During the first two weeks of college football media days, conference commissioners offered statements regarding the need for the power five conferences -- ACC, Big Ten, Big 12, Pac-12 and SEC -- to have the power to pass new legislation without push back from smaller institutions.
At the American Athletic Conference football kickoff in Newport, RI, commissioner Mike Aresco refused to accept the idea that the AAC is second-rate in the college football landscape.
"I will admit I do not care for Power 5 designation," Aresco said. "We do not accept the notion that we're not a power conference or this 'have-not' tag that some people use. We have resources. We have enormous potential.
"Make no mistake, we'll remain an integral part of the FBS college football fabric. We'll always have naysayers. We have fewer now than before. It's our job now to prove them wrong as we did last year, as UCF did in the Fiesta Bowl, as we did in the basketball championships with UConn."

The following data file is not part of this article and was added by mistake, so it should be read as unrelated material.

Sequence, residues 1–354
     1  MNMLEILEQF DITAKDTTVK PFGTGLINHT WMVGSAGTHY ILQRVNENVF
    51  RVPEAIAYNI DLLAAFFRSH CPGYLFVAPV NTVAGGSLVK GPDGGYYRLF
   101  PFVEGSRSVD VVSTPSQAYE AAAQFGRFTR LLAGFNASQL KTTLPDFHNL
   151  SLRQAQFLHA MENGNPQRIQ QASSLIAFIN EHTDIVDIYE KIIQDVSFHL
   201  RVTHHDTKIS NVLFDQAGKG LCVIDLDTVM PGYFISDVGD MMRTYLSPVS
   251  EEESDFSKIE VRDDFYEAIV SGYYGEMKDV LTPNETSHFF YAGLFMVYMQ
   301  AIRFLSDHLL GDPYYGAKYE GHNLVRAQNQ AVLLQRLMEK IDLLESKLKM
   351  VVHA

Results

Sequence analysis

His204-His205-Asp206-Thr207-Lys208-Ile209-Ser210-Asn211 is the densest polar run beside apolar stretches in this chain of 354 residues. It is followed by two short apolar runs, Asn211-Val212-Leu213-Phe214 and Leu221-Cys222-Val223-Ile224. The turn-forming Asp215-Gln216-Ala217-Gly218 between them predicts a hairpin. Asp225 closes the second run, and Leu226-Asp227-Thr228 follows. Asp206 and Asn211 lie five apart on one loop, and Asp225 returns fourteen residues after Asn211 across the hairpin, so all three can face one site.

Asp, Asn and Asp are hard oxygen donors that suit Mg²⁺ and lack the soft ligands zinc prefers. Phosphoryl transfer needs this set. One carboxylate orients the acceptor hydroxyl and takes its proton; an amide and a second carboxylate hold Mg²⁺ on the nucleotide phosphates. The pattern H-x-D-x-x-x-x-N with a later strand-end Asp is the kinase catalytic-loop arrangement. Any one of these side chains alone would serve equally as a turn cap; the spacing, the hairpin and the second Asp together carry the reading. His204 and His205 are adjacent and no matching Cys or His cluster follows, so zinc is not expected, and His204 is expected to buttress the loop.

Aresco referenced the word "power" 16 times in his opening remarks. While the current autonomy proposal will allow those five conferences to pass legislation without push back, Aresco's comments suggest that the American could (or should) stand on that same level.
"We see the landscape as a five plus one and we're knocking on the door," he said. "Our goal is to be in the conversation as the sixth power conference. I believe by virtue of our performance that we already are."
A quick look at the media's preseason poll shows a top-heavy league in 2014, with Cincinnati, UCF, Houston and even league newcomer East Carolina a tier above the rest of the league. In order to back up the media day comments, those four will need to represent the league well in non-conference play and one -- likely the league champion -- should be in a selection committee bowl on Dec. 31 or Jan. 1.